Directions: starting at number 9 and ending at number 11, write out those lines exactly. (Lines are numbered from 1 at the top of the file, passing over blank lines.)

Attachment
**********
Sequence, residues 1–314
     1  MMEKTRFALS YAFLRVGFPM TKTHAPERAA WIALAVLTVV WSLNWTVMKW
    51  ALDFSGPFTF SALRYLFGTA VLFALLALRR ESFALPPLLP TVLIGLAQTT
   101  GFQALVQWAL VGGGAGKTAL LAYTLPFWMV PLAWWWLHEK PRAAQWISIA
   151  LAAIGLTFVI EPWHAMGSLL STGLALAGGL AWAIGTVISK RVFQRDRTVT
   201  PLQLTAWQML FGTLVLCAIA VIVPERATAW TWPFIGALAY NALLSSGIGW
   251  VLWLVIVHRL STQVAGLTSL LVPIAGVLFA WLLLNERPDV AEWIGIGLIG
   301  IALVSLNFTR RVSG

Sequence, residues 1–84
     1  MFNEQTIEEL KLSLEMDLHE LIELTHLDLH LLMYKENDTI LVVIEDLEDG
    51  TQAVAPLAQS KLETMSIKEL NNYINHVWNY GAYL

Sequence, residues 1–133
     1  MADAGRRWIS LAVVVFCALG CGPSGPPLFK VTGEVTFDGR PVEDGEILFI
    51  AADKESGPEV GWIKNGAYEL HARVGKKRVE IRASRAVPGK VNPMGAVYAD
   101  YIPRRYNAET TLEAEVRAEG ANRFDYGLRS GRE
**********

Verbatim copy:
Sequence, residues 1–84
     1  MFNEQTIEEL KLSLEMDLHE LIELTHLDLH LLMYKENDTI LVVIEDLEDG
    51  TQAVAPLAQS KLETMSIKEL NNYINHVWNY GAYL